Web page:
Amal Chandra of the Indian National Congress said that “the vision of RSS-BJP is that the poor, minorities & marginalized should not have access to higher education in India.”

“By discontinuing the MANF scheme from 2022-23, they are showing how their way of end justifies their mean. Deplorable!” he said.

Trinakur Bhattacharya, West Bengal State President of the Trinamool Chatra Parishad said that he strongly condemns the union government’s decision to discontinue the Maulana Azad National Fellowship for minorities from 2022-23.

“MANF was the financial lifeline for the students who came from socially & economically marginalised background,” he said.

The Students Islamic Organisation of India (SIO), said that the rollback of pre-matric scholarship and Maulana Azad National Fellowship (MANF) showed the state’s blatant disregard for educational equity and washing its hands of key domains such as education.

“The continuous attack on access to education of minorities shows the callous attitude of the present government, whose hollow rhetoric of ‘sabka sath, sabka vikas’ has been unmasked in the broad daylight,” the organization’s National Secretary Fawaz Shaheen said in a statement.

He said that “there’s an urgent need for condemnation and mobilization of conscientious citizens against this onslaught on education and the dignity of minorities.”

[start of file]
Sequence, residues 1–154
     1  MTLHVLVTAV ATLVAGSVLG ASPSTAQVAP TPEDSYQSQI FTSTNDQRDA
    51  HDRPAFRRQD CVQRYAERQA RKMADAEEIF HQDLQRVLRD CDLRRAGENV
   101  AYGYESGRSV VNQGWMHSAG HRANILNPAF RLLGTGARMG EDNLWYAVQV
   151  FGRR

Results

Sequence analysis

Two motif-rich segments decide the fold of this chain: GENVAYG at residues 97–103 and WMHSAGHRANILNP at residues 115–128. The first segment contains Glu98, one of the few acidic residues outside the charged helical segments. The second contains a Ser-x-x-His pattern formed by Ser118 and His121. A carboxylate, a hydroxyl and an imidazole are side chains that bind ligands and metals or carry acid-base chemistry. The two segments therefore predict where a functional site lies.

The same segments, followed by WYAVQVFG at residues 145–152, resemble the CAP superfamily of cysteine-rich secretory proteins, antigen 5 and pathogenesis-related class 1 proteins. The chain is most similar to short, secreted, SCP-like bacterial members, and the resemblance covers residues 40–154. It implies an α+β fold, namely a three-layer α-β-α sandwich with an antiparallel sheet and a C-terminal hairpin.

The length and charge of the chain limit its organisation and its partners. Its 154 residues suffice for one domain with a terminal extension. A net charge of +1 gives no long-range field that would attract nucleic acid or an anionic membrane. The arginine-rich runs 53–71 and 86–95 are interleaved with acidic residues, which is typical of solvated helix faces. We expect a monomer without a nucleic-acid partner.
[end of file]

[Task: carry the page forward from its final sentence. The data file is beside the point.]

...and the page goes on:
The Students’ Federation of India (SFI) said that the “attempt by the Union Government to discontinue the MANF scheme must be staunchly resisted by all those who seek to democratize India’s educational system.”

“This misguided step by the Union Government comes on the back of a series of severe delays in the disbursal of the fellowship, with scholars recently reporting backlogs of over nine months. Coming in the immediate wake of the immense distress faced by researchers owing to the lack of systemic and institutional support during and after the Covid-19 pandemic, the anxiety of unpaid bills and mounting backlogs of expenses owing to the above-stated delay had already caused a large number of scholars and researchers from minority communities to put a pause on their research activities. This is pertinent since for many such individuals, the MANF scheme provides a lifeline for the families of scholars as well,” the SFI said in a statement.

“This past year has already witnessed attempts by the Sangh Parivar to deny the very fundamental right to education to young Muslim women and to establish an aggressive majoritarian cultural nationalism by usurping spaces of education. The decision to discontinue the MANF, under whatever guise such a decision might come, must be necessarily seen as a further effort in this direction – to deny access to education, and to ensure that higher education continues to remain the exclusive enclaves of the privileged few,” the organization said

Deepanshu Bhatt of the IYC said that he strongly opposes “the anti-minorities and anti-research decision of BJP government” to discontinue the fellowship.

“This decision is one of the steps towards disempowering minorities in India by the RSS,” he said.

The Maulana Azad National Fellowship, which was established in 2009, offered MPhil and Ph.D. financial aid over a five-year period to students from six registered minority communities, including Buddhists, Christians, Jains, Muslims, Parsis, and Sikhs.

The programme was introduced as a part of efforts to put the Sachar Committee’s recommendations into action, which looked at the socioeconomic situation of Muslims in India.



Please enter your comment!
Please enter your name here